Terror Tales Of the Lake District Edited by Paul Finch

As a big fan of Paul Finch and his historical horror I was delighted to see his first outing as an editor. I was even more excited when I saw the range of contributing authors he had included. This is the first in a planned series with each collection focusing on a different geographic area and drawing on the local myths, legends and paranormal happenings for inspiration.

While the stories are the big draw I was pleasantly surprised by the addition of articles between each story which focus on the local mythology so here you can read about The Mad Clown of Muncaster, The Tawny Boy and The Black Hound of Shap among many others.

The stories are consistently excellent but the following were some of my highlights. Little Mag’s Barrow by Adam L. G. Nevill is a tense and unnerving tale of a businessman who gets what he deserves in a remote cottage. The Moraine by Simon Bestwick is a nice old fashioned monster story set among the mountains of the Lake District. By way of contrast Peter Crowther’s Jewels In The Dust is a story full of emotion and pathos as a family enjoy one final outing together. Above The World by Ramsey Campbell is, as you might expect, a beautifully written tale full of vivid descriptions of nature as a man seeks his past among the Lakeland fells.

Walk The Last Mile by Steven Savile again takes us in a different direction in a dark and powerful tale about sexual abuse. Anna Tarboska with Night Of The Crone, takes us back among the standing stones of the district with a gory and highly entertaining tale which sees a group of young men get more than they bargained for when they awaken Long Meg and her daughters. Reggie Oliver’s tale, Striding Edge, is a strange, but enjoyable story, in which a young man meets an old school acquaintance who is involved with a strange cult. Gary McMahon’s story shines even among these gems though, Along Life’s Trail has a fantastically oppressive atmosphere which builds as a man explores an abandoned pub and meets the ghosts of the past.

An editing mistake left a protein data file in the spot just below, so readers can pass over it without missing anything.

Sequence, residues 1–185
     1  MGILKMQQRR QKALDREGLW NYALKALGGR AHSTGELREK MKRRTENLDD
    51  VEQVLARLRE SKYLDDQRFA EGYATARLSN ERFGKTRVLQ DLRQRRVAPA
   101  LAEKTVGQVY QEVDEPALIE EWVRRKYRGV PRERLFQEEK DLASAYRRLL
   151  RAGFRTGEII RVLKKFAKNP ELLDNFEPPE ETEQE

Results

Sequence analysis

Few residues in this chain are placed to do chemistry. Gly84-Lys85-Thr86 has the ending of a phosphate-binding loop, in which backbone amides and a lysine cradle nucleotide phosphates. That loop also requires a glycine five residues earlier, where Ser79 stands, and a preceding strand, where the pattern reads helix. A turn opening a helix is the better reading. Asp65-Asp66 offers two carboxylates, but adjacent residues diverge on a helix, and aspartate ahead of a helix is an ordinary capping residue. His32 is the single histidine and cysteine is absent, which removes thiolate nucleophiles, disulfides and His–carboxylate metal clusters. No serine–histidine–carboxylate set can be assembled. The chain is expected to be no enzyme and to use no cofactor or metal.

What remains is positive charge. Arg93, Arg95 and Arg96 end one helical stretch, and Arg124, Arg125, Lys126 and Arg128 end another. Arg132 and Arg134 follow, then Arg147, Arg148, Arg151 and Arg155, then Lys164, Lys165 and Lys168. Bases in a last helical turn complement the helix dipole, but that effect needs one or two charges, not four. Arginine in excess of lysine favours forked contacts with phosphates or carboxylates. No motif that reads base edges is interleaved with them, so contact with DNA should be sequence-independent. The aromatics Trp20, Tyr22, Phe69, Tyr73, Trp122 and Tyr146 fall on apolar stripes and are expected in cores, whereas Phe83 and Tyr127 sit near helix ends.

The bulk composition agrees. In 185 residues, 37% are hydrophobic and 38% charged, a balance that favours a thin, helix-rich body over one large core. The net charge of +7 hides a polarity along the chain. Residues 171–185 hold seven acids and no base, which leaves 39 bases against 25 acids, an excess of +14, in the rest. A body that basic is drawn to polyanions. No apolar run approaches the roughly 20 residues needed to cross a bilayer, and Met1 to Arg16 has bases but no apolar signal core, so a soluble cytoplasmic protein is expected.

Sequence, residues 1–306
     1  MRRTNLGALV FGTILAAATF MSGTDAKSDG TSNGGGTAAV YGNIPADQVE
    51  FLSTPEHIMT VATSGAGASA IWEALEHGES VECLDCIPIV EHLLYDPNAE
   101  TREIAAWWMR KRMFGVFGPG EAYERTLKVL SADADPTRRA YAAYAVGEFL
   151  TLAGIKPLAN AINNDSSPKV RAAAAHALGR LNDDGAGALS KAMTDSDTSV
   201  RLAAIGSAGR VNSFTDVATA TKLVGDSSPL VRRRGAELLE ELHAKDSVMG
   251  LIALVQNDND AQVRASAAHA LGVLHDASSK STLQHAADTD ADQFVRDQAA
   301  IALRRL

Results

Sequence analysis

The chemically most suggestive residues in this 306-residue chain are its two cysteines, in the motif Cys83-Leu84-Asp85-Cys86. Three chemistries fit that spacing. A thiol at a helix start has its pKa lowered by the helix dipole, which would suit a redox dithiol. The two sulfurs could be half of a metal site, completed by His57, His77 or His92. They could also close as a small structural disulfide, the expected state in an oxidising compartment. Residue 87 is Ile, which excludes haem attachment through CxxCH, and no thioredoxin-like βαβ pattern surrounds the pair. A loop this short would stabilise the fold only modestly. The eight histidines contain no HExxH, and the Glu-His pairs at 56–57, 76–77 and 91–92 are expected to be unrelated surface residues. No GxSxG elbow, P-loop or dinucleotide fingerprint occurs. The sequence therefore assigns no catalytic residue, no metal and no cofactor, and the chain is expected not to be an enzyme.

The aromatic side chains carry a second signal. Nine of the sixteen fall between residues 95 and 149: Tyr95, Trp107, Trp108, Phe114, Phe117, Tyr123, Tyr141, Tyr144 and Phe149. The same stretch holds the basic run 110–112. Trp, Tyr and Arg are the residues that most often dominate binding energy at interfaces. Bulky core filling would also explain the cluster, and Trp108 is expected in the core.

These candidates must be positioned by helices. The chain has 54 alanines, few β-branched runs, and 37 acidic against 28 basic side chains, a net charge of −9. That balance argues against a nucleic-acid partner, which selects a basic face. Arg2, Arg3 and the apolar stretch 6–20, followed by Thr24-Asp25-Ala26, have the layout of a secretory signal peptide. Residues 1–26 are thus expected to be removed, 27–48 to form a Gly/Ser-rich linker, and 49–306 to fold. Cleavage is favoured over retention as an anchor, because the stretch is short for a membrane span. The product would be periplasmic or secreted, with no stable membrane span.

This is my kind of book a widely variable collection exploring an interesting selection of local weirdness and doing it with some style. Thirteen stories and twelve interesting articles for £8.99 seems pretty good value to me but when those tales are by some of the best horror writers in the UK then it’s a no brainer. Congratulations to Gray Frair Press and Paul Finch for an excellent start to what promises to be a definitive series of local horrors.

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